Written by guest contributor Lance Lambert
I was deeply invested in Hit:1957 and it became one of my favorite picks. If I didn’t learn after watching Episode I that life is full of disappointments, I had to face it after reading Hit: 1957. This last issue of the series ended with a “well, that’s all folks” feel, leaving me asking the same, “That’s all?”
Slater is at the end of his road. Bonnie is capped in the head at the end of issue three, being the only part of the story that really went out with a bang. All he has left is finding Domino, the man responsible for these hardships. If you think he’s going to get what he deserves you’re mistaken. Slater ends up leaving without his revenge. The desire for retribution was not fulfilled unless some unnecessary back story was expected to suffice. I’m referring to the filler that follows the opening scene. It shows Slater’s constant struggle with his father and his fight to overcome his low self-esteem. It’s great to know background, and honestly I had no problem with it in the earlier issues. However, this is the finale, he’s given up and moved on, it’s an easy way to pull feeling when it could have been done through character development.
Before I move on, I must comment on the handling of Bonnie. It was a shocking twist and man did it have me waiting for this issue. Yet, even her death fell flat with no remorse from Slater or any concrete results. She was a solid character with most of the story being centered on her affairs. Although she was caught in a really tight spot, her character spit on the role of “damsel in distress”. She was in some serious shit, but she could hold her own, plotting to escape without Slater’s help. But after issue #3, it was as if she was never important.
Let’s get to Sticky, Sticky is waiting outside of a trailer he expects to find the serial corpse fuckers. I thought this sub plot was interesting, its brutal and keeps the dark noir feel alive. Like the other characters I was invested in Sticky’s conflict. And like Slater and Bonnie, I was disappointed with the outcome. He ends up taking both of the psycho’s out. Sadly, he couldn’t reach them before they were had their way with Leroy, the respected bartender. It’s a very heavy scene, where Sticky is encountered with another choice of whether to shoot or to not shoot. If you remember he made the wrong choice in the beginning, killing an innocent man. This was a big moment for Slater and he found that he sometimes needed to make the tough choices. In that moment there was some closure to find he became self aware. However, afterwards we see no more dialogue involving his moment.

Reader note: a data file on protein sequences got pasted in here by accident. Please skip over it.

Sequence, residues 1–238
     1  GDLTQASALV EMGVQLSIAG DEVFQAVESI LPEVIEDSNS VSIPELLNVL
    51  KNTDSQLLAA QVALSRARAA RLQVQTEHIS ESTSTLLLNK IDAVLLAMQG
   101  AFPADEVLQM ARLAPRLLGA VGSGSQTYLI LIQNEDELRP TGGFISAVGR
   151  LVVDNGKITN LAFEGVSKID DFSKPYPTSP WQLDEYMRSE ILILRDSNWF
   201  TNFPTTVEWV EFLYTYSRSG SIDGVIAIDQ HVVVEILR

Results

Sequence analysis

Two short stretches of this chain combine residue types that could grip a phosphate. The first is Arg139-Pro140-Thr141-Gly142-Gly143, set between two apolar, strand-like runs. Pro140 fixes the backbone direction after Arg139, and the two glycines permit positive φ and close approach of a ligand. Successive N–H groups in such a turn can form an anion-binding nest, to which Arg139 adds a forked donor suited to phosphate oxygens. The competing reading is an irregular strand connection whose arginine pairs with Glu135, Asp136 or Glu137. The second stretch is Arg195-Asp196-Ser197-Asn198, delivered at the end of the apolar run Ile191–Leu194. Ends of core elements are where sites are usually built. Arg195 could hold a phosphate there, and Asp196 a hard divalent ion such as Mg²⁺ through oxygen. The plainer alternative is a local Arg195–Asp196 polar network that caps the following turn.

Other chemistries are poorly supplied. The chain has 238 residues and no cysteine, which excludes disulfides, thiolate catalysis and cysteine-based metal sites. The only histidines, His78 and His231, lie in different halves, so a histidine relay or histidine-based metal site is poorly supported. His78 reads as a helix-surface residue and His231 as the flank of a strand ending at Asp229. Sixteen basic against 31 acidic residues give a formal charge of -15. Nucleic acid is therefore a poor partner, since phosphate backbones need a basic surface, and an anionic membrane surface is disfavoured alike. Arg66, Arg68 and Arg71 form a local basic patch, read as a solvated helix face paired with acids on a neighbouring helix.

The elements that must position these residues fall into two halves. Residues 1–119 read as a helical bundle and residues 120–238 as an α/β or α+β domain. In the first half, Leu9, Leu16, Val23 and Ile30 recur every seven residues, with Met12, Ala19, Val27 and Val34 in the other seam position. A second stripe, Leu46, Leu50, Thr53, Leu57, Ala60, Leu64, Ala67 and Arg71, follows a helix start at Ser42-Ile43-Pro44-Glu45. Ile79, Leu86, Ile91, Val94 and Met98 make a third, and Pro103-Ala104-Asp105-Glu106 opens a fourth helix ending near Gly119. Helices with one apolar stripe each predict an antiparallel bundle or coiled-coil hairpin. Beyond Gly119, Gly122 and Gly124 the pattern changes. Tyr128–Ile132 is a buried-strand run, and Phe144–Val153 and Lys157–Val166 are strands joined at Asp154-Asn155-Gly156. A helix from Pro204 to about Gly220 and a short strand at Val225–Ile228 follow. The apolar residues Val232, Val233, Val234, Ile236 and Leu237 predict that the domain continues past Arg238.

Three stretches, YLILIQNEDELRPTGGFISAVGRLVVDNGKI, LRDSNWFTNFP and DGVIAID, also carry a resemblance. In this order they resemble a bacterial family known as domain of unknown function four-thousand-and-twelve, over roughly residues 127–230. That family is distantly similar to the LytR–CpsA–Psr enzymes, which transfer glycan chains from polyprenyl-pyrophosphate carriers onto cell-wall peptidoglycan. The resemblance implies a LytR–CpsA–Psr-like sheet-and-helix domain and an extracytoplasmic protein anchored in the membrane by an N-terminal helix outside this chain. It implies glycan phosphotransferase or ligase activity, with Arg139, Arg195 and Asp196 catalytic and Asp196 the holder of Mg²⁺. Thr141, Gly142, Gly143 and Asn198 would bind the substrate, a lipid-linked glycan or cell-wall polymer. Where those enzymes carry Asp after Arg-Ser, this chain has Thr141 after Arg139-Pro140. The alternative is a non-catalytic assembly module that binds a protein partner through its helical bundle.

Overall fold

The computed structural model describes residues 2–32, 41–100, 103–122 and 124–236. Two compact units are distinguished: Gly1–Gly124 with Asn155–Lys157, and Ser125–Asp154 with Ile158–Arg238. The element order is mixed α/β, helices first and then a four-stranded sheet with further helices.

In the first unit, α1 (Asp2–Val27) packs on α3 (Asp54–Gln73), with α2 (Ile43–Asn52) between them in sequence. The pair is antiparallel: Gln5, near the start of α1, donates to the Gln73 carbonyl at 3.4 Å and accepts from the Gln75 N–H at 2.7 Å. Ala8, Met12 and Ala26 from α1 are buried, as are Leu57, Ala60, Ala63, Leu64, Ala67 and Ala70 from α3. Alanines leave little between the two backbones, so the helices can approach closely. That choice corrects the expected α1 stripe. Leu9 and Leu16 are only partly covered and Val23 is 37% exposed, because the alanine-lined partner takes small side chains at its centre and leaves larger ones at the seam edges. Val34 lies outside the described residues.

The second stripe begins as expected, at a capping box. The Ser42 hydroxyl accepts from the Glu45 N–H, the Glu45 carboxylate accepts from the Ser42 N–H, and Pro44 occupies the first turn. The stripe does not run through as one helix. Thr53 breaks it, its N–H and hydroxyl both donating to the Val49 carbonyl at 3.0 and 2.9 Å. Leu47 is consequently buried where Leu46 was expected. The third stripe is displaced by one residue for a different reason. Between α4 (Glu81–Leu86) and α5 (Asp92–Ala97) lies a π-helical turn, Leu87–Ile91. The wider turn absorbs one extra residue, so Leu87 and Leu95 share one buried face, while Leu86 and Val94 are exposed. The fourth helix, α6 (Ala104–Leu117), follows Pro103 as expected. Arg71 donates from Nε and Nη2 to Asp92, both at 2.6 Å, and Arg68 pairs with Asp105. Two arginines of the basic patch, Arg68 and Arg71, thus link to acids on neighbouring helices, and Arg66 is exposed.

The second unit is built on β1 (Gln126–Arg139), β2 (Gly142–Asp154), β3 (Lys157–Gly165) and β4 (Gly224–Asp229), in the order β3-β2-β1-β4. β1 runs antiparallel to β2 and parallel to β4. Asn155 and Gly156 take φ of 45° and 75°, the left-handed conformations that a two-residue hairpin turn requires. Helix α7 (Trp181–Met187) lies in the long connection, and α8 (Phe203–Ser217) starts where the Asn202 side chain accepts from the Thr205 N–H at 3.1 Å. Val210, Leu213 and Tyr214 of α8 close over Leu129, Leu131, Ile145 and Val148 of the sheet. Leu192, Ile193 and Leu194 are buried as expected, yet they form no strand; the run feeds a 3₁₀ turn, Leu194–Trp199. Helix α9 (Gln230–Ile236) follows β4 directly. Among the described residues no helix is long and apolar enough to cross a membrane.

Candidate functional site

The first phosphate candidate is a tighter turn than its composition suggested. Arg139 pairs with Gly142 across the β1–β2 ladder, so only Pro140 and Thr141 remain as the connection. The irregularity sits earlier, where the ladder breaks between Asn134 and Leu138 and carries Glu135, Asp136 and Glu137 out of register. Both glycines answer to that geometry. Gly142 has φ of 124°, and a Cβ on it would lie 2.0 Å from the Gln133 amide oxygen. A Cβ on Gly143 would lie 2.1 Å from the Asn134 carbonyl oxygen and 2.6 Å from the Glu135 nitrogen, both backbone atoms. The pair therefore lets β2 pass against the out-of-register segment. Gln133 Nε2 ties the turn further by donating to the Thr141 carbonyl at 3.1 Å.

For the art, there’s not much too say. The art inside is mediocre. It does a fantastic job emulating the dark and gritty nature of noir, but doesn’t have much else going for it. In the previous issues the writing was strong so the art did not have to do much work moving the scene. The quality of writing in this issue was pretty damn sad and the art isn’t at the level to save it. There was something that was consistent and managed to wow me every time, it was even the reason I first picked up the book. That being the covers.
When it all comes to an end, Hit: 1957 couldn’t produce. It is sad for me to say because I was really impressed with this series at the beginning. It started with intricate characters and a hard hitting story, it ended with a lame attempt to tie loose ends. It must kept in mind that this series was very short, being only four issues, but that is no excuse for a story that had so much potential. I’ve seen many limited series do the exact same thing, and it’s a huge disappointment. If you enjoyed the first three issues like I did, I still wouldn’t justify picking this up.